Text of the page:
Texas surpassed 500,000 confirmed COVID-19 cases on Tuesday as the state's infection rate jumped to its highest point during the pandemic.
The state’s infection rate has been steadily increasing even though hospitalizations in Texas have dropped more than 30 percent from a high point last month. The seven-day average of positive cases increased to 24 percent to reach Texas’s highest infection rate during the coronavirus crisis, The Associated Press reported.
Texas Gov. Greg Abbott (R) attributed the increase in the rate of positive tests to family and neighborhood gatherings, which come as the state and the country are attempting to reopen schools shortly.
“There’s a reason why this is happening, I believe, and that is some people feel if they’re just with family members” they don’t have to be as careful, Abbott said Tuesday, according to the AP. “And that turns out not to be the case.”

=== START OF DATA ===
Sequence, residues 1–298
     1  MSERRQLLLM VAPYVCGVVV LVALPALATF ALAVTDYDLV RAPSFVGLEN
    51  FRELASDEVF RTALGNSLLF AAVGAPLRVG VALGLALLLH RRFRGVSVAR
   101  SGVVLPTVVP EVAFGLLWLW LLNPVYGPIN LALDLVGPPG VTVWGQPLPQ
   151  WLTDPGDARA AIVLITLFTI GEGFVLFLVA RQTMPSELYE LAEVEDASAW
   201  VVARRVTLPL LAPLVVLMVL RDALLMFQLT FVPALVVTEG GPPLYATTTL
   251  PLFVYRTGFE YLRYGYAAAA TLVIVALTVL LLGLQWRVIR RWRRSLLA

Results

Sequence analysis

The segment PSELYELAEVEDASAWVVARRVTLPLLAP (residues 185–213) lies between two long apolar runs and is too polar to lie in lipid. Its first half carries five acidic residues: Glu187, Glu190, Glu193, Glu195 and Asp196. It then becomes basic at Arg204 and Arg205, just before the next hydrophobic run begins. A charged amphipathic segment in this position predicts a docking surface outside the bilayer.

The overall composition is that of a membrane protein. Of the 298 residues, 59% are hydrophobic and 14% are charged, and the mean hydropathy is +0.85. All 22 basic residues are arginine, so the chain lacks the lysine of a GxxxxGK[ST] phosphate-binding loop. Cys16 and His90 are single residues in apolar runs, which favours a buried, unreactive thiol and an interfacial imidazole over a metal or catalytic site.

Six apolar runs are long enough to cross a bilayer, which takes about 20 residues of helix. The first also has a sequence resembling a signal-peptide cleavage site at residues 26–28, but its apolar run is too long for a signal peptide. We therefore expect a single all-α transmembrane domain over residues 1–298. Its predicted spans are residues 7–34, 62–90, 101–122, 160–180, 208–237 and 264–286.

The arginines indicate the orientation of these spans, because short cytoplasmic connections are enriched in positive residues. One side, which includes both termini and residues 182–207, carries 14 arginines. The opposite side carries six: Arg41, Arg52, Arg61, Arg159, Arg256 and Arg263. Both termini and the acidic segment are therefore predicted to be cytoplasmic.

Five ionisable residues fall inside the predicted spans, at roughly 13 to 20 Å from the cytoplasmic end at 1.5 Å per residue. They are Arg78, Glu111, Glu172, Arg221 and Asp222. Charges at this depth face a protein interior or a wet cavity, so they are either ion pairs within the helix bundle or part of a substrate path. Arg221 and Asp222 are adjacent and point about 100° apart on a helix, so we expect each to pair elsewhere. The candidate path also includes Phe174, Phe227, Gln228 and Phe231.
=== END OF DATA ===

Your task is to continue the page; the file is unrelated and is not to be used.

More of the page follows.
At the same time, the Lone Star state’s daily testing count dropped to less than 30,000 on Tuesday. In mid-to-late July, more than 60,000 tests were conducted per day, which Abbott said occurred because of “surge testing,” according to the AP.
The state’s testing statistics follow national trends, which experts say could have to do with the delays in commercial lab testing that prompted doctors to be advised to test only the highest-risk patients. Other government officials said the lack of testing is because of less demand as people became annoyed with long wait times for the tests and their results.
Texas also recorded more than 1,350 new fatalities in the past week, with a seven-day average of 194 per day, according to data from The New York Times.
On Sunday, the U.S. marked a grim milestone of recording 5 million COVID-19 cases during the pandemic.